From his amateur days as a reckless warrior (and winner of three Chicago
Golden Gloves titles) through his first 13 professional fights, Oshana
understands that flash and finesse is better left to the boxers of the
"I hate boring fights," Oshana said. "I go in there to take care of business.
I like to give the people a good show that's why they like to watch me
. People like my style. It's aggressive; banging, banging and more banging."
Oshana goes for his first professional title tonight when he challenges
Patrick Swan for the Illinois Super Middleweight Championship. As far as
Swan's track record and reputation, Oshana said he could careless. "I don't
know anything about him and it doesn't matter to me as long as I do my
work, "Oshana said. "I just go in there and fight,fight, fight. I put the
pressure on and that kills anybody." Oshana, who's never been past six
rounds, said he's been training diligently and a distance fight (10 rounds)
won't be a problem. "I'm ready. I train every day except Sunday," Oshana
said. "I'm prepared, I've been going 12, 13 14 rounds with three or four
"I'm a little nervous because it's a state title but I want one of those
belts. I want to be world champion but a state title would be nice right
now." Oshana needed sixty seconds to destroy Rick Jester in November 1996.
A left hook to the head in the first few seconds staggered the Detroit
veteran and Oshana toasted him without taking a punch. "I hit him hard
and knew he was hurt and I had to finish him," Oshana said. A native of
Syria, Oshana believe that 1997 will be the year his brand of brains and
brawling starts attraction some national attention. Oshana realizes he
has a lot to learn but his confidence and enthusiasm have already paid
"My manager (Bob O'Donnell) said the iron is getting hot and it's time
for me to move up," Oshana said. "I'm stronger, better conditioned and
use my head more in the ring." "I'm moving my head a lot more than before,
using my jab and it's working." Swan will be the test partner. "He's in
my way and I have to take care of business," Oshana said. "I don't see
it going 10. If he's going to box me, it might go six or seven but I don't
think it's going to go 10. I don't care what he does." The following is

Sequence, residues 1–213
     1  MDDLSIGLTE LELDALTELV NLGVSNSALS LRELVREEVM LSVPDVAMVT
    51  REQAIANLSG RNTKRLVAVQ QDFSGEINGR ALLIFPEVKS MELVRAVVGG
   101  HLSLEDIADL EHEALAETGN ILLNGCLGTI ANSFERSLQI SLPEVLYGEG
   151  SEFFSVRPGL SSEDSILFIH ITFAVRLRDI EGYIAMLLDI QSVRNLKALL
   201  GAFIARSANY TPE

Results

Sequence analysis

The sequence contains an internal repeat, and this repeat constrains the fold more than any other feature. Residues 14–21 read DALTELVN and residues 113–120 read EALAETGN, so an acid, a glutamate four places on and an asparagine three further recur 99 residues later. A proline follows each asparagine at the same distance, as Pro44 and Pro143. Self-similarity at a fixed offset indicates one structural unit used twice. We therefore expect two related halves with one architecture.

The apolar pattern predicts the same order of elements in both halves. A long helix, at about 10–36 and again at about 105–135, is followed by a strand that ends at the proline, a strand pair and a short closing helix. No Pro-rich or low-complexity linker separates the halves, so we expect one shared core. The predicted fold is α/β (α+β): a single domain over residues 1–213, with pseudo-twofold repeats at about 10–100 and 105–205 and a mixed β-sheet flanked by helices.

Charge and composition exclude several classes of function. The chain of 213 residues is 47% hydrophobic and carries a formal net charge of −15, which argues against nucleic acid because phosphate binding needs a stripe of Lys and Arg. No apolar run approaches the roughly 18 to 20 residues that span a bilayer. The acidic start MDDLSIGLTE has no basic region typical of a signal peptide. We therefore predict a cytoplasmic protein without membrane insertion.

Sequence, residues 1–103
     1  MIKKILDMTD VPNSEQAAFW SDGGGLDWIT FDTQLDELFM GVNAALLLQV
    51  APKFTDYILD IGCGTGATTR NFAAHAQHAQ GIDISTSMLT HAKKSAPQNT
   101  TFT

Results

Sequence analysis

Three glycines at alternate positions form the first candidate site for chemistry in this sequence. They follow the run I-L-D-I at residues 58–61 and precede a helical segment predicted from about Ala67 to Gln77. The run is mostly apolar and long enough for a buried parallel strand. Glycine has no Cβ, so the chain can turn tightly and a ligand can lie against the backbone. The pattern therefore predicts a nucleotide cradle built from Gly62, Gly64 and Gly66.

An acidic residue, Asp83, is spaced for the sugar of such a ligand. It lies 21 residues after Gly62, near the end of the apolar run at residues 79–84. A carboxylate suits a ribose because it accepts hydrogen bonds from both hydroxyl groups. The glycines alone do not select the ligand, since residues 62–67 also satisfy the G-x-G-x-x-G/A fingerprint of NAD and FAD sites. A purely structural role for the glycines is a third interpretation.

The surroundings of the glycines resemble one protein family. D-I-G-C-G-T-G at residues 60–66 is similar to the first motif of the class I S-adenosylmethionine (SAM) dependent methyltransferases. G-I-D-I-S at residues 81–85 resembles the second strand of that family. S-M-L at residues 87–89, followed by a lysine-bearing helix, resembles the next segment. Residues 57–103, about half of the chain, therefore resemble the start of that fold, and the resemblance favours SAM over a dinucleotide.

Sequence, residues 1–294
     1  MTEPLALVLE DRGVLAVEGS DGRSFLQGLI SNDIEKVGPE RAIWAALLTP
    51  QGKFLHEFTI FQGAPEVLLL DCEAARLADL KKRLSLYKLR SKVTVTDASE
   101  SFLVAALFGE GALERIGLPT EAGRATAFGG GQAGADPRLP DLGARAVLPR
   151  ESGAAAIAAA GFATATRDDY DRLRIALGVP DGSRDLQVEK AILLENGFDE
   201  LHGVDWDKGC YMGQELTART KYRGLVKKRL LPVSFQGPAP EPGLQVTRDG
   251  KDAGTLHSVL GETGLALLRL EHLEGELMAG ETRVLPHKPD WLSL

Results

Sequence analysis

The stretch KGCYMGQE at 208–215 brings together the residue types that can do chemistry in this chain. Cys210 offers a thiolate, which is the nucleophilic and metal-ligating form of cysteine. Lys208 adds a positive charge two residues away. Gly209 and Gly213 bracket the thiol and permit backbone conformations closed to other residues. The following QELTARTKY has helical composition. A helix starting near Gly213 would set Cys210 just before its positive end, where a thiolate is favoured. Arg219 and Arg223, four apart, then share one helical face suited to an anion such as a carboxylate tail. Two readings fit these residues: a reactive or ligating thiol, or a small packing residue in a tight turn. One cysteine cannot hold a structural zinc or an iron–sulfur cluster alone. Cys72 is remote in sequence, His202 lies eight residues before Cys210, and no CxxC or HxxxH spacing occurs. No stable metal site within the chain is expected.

an interview with Anwar Oshana after his second professional title, IBF-regional
super middleweight championship (fight # 15).
"Oshana grateful for fans"
DARYL VAN SCHOUWEN
81 - Sport
Anwar Oshana had all this going for him as he entered the ring Wednesday
to box Bruce Rumbolz at the Inland Exposition Center in Westmont : two
capable fists, a large and vocal contingent of Syrian immigrants in the
audience and a truckload of confidence. "I can become a world champion,
that's how good I can be," Oshana said. "I can be as good as I want to
In a battle of unbeaten super middleweights, Oshana (15-0) and Rumbolz
(17-0-1) squared off for the International Boxing Federations Great Lakes
Region championship. Rumbolz, 23, is from Sterling, Ill. Oshana, 23, is
a Chicagoan who trains out of the Windy City Gym. Though heralded as one
who can dish out and withstand punishment, Oshana appreciated his large
following, considering Tumbolzs reputation as a puncher.
"It will mean a lot to me." Said Oshana, who predicted a victory before
the fight. "It will put more pressure on me, especially in the later rounds
when you need that extra push." With a chance to qualify for an IBF Intercontinental
title fight one step before a possible world championship bout-Oshana and
Rumbolz recognized the fight as the biggest of their careers. But Oshana
also fought for the sheer love of boxing. "I love it," Oshana said. "The
training, the conditioning, the fighting, you name it. When I fight, that's
the best part."